Enjoy a walk through the Everglades at the Ah-Tah-Thi-Ki Museum on the Big Cypress Reservation. The museum provides a one mile raised boardwalk, which winds through a beautiful 60-acre cypress dome. There are multiple opportunities along the boardwalk to rest, enjoy the scenery, and learn more about the Seminole culture. The boardwalk is open from 9:00am until 4:30pm. As it does circle a natural cypress dome, it may be closed due to inclement weather or other natural causes beyond our control.
About a quarter of the way through the right side of the boardwalk is the Clan Pavilion. There are eight clan panels, each representing one of the current Seminole clans: Panther, Wind, Bird, Otter, Bear, Snake, Big Town, and Deer. The panels tell basic background information about each clan and also feature drawings of clan animals by the Seminole artist Samuel Tommie.
At the midpoint of the boardwalk you can take a break at our re-created ceremonial grounds. These grounds are similar to those used as a traditional meeting place for political and religious events. At the center there is an open court for playing stickball, a traditional game for numerous tribes of the Southeast. The ceremonial grounds contain several chickees, or open-sided structures made from palmetto and cypress, used for a variety of purposes.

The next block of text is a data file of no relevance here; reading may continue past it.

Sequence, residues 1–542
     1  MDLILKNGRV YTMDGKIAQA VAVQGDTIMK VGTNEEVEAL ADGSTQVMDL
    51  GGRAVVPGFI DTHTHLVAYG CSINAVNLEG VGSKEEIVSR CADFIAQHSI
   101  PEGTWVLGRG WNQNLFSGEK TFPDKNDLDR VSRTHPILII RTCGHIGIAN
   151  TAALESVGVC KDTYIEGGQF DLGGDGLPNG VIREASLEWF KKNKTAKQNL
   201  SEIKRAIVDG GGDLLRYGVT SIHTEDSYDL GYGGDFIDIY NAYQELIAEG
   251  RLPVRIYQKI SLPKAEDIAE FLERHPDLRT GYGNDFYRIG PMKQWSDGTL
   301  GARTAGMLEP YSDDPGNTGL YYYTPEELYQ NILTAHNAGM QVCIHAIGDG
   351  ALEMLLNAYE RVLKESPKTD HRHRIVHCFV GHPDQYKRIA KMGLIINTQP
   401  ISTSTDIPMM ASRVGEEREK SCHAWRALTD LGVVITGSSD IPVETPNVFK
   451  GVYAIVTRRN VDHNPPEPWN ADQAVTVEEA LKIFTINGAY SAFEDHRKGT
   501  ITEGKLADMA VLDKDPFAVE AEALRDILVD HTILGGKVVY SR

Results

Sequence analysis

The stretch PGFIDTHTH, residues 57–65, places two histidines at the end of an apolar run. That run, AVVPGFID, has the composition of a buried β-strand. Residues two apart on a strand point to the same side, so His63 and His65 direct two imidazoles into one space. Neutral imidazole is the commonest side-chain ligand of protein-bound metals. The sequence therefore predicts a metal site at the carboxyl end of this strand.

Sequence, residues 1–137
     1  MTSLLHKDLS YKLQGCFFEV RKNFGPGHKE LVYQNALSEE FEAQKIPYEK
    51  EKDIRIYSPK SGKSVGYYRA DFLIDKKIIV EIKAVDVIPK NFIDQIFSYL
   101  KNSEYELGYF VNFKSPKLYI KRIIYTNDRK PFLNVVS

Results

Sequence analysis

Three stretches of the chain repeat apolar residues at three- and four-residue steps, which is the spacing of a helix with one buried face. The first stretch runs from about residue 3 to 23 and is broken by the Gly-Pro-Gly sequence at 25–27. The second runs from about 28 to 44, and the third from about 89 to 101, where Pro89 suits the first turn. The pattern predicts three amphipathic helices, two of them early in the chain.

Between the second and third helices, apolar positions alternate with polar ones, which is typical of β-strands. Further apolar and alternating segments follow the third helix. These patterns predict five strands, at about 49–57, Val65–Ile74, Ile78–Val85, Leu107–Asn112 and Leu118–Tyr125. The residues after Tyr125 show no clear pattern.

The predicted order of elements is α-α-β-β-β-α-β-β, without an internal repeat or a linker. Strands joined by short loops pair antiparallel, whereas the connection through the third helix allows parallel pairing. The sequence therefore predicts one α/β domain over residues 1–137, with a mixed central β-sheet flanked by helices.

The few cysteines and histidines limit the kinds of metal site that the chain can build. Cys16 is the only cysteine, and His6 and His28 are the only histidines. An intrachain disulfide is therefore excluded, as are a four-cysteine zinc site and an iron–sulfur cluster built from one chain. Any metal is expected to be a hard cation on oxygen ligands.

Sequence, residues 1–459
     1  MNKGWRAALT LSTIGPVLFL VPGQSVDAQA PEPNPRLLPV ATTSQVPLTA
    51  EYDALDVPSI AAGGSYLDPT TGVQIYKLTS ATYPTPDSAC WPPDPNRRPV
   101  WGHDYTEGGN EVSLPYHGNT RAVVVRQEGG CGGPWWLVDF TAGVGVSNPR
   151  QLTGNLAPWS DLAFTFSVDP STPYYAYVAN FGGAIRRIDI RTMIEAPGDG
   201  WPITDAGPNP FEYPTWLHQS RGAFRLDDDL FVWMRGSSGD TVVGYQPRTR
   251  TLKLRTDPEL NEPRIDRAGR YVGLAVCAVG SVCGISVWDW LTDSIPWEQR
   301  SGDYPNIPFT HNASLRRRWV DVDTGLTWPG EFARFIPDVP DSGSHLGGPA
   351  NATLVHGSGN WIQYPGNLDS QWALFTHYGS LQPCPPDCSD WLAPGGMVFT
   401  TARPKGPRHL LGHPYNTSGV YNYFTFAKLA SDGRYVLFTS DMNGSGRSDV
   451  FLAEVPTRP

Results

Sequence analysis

Bathrooms are located near the Ceremonial Grounds.
A short distance from the ceremonial grounds is the Seminole Village. The village is a modern-day version of the Seminole tourist camps that were popular in the early to mid-20th century. Modern Seminole artists are often present and are more than happy to answer questions and demonstrate traditional arts and crafts. These crafts are also available for purchase. Due to circumstances beyond our control, such as inclement weather and Tribal holidays, villagers may not be present at all times.
Water is available at the Seminole Village.
Read about our award winning basket makers here!
Near the end of the boardwalk there is a Hunting Camp, a depiction of the temporary camps set up by Seminoles during hunting season. The camp often features the pelts, plumes, and hides that were used and traded by the Seminoles.
Below are images captured by wildlife cameras in and around the Cypress Dome